More than any other sport, baseball is a game defined by numbers. At-bats, seasons, and careers can be infinitely measured and endlessly debated thanks to the game's historical devotion to bookkeeping.
Craig Edwards (06JD) has made a career of digging deep into baseball's big data. A former writer and analyst for FanGraphs, a popular website for stat junkies, Edwards is an expert in on-field and economic trends. He's written columns on everything from the value of free agents, to breaking down TV deals, to quantifying Mike Trout's greatness.
Earlier this year, Edwards was called up by the MLB Players Association, where he's now using his analytic prowess to go to bat for the game's stars. The University of Iowa College of Law alumnus joined the players' union as a senior analyst for economics and collective bargaining. Edwards is helping shape the future of the game and its most pressing issues, including pace of play, competitiveness, and the collective bargaining agreement that's set to expire this year.
"It's a unique opportunity," says Edwards. "It's exciting for me to work with people who share that same passion for the game and want to move it forward while keeping it as vibrant as it's been in the past."
A native of Clive, Iowa, Edwards grew up studying box scores in the Des Moines Register and memorizing batting averages on the backs of baseball cards. In the days before every game could be streamed, Edwards found a certain magic in making sense of those arcane numbers—even more than playing the game itself. "My playing career fizzled out when I was about 10, but I never lost that hunger for the game," he says.
Edwards studied history and English as an undergrad at Drake University before coming to the UI for law school. After graduation, he worked for nine years as an attorney in Chicago while blogging about baseball on the side. That hobby evolved into a full-time writing gig with FanGraphs in 2015.
Although his professional focus turned from judges' benches to dugout benches, Edwards says many of the of the skills he refined at the UI College of Law have made him a successful baseball analyst. "The focus in law school is on research, writing, analysis, and making arguments that are well-supported," he says. "I'm not in a court of law trying to make those arguments, but it's important that I get my research and facts correct, and that I'm as clear as possible in making sure that my audience understands exactly where I'm coming from and hopefully achieving the desired outcome."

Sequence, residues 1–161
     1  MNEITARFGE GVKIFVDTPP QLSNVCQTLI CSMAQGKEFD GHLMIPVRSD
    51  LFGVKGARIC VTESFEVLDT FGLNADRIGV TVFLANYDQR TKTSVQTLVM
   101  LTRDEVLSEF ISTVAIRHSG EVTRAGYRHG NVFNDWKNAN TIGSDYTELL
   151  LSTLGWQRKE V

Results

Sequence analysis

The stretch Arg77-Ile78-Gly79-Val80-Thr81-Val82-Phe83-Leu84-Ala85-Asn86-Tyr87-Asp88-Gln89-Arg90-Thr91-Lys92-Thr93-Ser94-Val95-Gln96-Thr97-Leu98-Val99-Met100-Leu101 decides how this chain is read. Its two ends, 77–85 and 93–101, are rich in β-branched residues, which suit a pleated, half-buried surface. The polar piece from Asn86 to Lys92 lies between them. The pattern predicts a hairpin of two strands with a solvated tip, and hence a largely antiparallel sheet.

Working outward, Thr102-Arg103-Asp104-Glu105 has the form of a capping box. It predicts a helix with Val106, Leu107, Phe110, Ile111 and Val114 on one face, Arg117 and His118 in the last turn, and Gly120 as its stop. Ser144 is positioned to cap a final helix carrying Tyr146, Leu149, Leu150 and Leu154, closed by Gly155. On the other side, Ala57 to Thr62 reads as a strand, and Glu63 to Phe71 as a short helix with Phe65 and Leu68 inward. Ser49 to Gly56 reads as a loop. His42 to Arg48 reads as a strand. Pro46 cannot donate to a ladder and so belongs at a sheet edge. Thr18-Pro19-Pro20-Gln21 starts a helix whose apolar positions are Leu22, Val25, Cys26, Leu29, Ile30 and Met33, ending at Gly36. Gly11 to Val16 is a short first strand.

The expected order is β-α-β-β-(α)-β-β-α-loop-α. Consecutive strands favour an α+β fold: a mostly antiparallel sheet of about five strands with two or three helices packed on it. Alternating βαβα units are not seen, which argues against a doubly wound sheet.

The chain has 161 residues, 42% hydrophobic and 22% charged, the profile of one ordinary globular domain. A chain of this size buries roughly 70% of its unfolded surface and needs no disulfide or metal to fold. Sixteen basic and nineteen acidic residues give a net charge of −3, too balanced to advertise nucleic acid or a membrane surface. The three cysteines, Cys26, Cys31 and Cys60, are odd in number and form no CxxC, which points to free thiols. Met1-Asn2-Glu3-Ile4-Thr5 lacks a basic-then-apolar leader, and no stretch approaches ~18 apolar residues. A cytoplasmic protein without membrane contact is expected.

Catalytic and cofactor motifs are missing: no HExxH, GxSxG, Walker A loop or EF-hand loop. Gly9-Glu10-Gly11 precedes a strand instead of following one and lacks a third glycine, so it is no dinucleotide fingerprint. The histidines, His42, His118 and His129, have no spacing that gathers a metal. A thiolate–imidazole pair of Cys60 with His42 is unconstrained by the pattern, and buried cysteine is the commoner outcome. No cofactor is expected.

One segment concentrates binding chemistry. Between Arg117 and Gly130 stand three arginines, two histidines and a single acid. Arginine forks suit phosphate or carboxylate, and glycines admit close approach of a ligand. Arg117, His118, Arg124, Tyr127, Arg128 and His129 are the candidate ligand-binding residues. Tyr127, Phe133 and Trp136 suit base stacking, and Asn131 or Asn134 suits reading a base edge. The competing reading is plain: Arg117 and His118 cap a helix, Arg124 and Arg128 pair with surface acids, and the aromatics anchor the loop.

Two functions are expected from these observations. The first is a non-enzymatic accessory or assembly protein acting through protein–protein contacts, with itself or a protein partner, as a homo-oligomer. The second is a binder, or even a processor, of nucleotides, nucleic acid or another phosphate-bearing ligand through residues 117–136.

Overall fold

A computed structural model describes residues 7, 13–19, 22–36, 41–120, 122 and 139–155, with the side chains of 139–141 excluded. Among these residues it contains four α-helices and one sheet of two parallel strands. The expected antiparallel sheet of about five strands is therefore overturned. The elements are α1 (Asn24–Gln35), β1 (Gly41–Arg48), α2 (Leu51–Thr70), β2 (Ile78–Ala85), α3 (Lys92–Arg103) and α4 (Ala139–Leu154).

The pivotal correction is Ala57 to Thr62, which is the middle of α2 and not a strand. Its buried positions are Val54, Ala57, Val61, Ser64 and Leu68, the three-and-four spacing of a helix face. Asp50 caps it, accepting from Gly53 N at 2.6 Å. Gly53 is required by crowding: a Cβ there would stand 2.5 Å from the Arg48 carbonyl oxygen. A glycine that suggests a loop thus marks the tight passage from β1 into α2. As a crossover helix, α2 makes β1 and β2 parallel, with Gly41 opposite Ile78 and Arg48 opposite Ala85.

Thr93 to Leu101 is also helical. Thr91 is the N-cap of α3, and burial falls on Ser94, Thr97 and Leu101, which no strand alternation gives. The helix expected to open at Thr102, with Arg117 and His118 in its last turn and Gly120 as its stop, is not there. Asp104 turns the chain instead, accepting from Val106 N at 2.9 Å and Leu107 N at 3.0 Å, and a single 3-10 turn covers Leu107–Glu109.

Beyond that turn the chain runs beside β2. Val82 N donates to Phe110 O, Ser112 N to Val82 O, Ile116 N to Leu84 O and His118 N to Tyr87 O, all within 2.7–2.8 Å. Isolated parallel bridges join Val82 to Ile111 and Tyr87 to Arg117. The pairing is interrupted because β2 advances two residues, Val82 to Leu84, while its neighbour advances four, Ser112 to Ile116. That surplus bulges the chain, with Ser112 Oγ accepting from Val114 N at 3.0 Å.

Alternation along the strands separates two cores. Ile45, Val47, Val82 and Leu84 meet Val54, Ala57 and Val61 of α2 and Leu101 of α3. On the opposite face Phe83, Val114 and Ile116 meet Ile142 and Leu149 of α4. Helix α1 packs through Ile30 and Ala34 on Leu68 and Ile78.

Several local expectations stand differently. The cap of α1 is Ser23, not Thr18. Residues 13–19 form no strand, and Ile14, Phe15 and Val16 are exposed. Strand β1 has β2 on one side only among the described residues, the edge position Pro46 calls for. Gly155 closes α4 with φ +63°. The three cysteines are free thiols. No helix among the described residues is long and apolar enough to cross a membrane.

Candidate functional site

Edwards says the national pastime has been ahead of the curve in the analytics movement—known as sabermetrics in baseball circles—compared to other sports because of the unique structure of the game. While the performance of a quarterback in football, for instance, can be reliant on countless variables on a given play—down and distance, blocking success, route running—baseball can largely be boiled down to a series of one-on-one matchups between a batter and pitcher. "Obviously there are a lot more factors involved, like defense, but being able to isolate the pitcher and hitter helps create a lot of avenues for research and exploring just how the matchups play out," Edwards says.
Even so, says Edwards, baseball's beauty is that you don't have to be a statistical savant to be a fan. "That's not how anyone falls in love with the game," says Edwards, who lives in Chicago with his wife, Natasha, and two young daughters. "Despite the fact that I've been doing this as a job for a while now, I can still go to a game and enjoy the athleticism and the incredible job the players are doing out on the field. There's not a better place to be on a summer day than a baseball stadium."